Sunday, May 15, 2011

Rio de Janiero - Day 4

I wake a little before everyone else and start thinking about the wonderful day we had yesterday… How can we top it, maybe with a little less walking (yeah right!) and seeing as many sights but I have to wait to see what is on the agenda. At least I slept well again with vivid dreams and I feel refreshed as I look out into the urban courtyard.

I wait for Luiz and Margarete to wake and soon my waiting is over. We have our morning routine of breakfast complete and discuss the plans for the day. We will head into downtown Rio to see what hidden treasures we can find.

We maneuver the bus situation and enjoy the bumpy ride to the down town area passing by sugar loaf. The bus speeds along and tosses us too and fro. We end up in the middle of a mob of people, all moving in different directions. Feels like any large city that I have been to when I am in the center of it all. The first thing to view is all the Catholic Churches. We stop at about three of them right after we exit the bus and each has its own identity. It is easy to see that Rio has deep Catholic roots and we continue our self guided tour of the churches. Beautiful they are, with their intricate decor of Saints and Catholic symbols. Many of them with gold plating, stain glass, and intricate details so you can tell there was a lot of pride and inspiration involved in creating these masterpieces. 


We hurry along to the ferry terminal which connects Rio with Niteroi. I have heard this is a worthy trip to see some of the city by water inexpensively, but we decide to just take a peek at the terminal as someone tells us that it is safe now, but later will be full of street people. Asking for money and looking to pick pocket what they can. As long as we are in and out of the area by noon we will be fine as most of them are fast asleep at this hour. We visit the terminal and like some of the other great buildings in Rio it has weathered over the years and needs a little attention. It is a beautiful building with great architecture. We walk quickly through the street fair in its parking lot were they are selling clothing, jewelry and other trinkets.

After our quick scurry, we head to the Assembleia Legislativa (Legislature) where we have a wonderful guided tour of the building and get sneak peek at the legislature
 in action. Not much different then when I have visited these legislative sessions in the United States. There is a lot of talking going on and its hard to understand what they are saying, but today that is a little more understandable since they are speaking in Portuguese. There are tons of photo’s taken as the artwork and the architecture of the building are amazing. The floors are beautiful mosaic tile that were imported from Europe and put together like a large puzzle. Like previous days there is a treat for the eyes around practically every corner.
We finish the tour and start walking again. This time we end up at another church at the end of the Avenda Presidente Vargas (the main street in downtown). The church is the Igreja da Candelaria- building started in 1609 as a fulfillment of an oath taken by sailors at rough sea. With work being done to complete the church as late at 1931, it has a mix of baroque style with Neoclassical accents. The church has been an important part of the cities history such as the seventh day mass of high school students and the 1993 Candelaria massacre which brought worldwide attention to the police brutality of street children in Rio and Brazil. It stands majestic and grand as it anchors the end of the street.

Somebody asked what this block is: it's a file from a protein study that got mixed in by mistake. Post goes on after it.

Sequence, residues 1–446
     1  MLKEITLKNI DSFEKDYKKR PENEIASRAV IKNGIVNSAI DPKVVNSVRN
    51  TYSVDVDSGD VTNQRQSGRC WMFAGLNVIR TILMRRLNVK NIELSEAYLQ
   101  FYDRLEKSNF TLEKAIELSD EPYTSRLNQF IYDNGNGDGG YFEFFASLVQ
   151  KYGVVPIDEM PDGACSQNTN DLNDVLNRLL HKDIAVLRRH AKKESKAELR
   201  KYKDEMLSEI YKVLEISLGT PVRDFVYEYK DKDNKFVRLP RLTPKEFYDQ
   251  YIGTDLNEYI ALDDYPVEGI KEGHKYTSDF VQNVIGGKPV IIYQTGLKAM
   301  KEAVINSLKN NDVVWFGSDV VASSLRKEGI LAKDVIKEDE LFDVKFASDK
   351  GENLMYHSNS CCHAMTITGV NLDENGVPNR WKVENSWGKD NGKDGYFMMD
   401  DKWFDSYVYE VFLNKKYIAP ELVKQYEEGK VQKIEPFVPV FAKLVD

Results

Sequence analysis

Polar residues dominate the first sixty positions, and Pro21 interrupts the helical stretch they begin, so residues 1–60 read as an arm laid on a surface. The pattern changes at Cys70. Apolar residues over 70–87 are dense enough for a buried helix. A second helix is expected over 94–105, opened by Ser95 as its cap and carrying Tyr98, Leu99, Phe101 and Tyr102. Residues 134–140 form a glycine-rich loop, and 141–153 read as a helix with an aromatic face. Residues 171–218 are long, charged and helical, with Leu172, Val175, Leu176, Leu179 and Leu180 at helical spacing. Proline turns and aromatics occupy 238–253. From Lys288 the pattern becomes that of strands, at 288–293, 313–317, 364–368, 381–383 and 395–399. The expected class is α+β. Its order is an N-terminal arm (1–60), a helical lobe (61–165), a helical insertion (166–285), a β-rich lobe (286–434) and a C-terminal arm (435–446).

We cross the street to the Centro Cultural Banco do Brasil. Where currently there is an exhibit of contemporary art from Laurie Anderson. We see a little bit of the artwork but want to head to a famous stop on our list so we head out to walk through the crowded streets. The streets are narrow with beautiful buildings lining them. Not very good for the current age of auto transportation but like most cities inner areas, they were not formed for autos but for horses. After a distance we are ready for coffee and stop at the famous Confeitaria Colombo. This fine bakery has been serving customers since they

opened in 1894. As you look around you soon realize that everything in the place is art: from the sky light and Belgium mirrors to the chairs and china. We have a wonderful lunch and relax a bit from our morning walk.

The tourist do not rest long as we soon head out the door to the narrow streets to photograph more and adventure through the heart of the city. I am at awe to the amazing details of the buildings and the surrounding around. The sidewalks are being redone with the mosaic rock and facelifts are happening throughout the city. Makes you wonder if they will be ready for the world stage with so much to do and time flying by. But that is for another thought on another day, Luiz takes us to the square where the we gaze on one of the most important and beautiful theaters in the country. Luiz compares it to the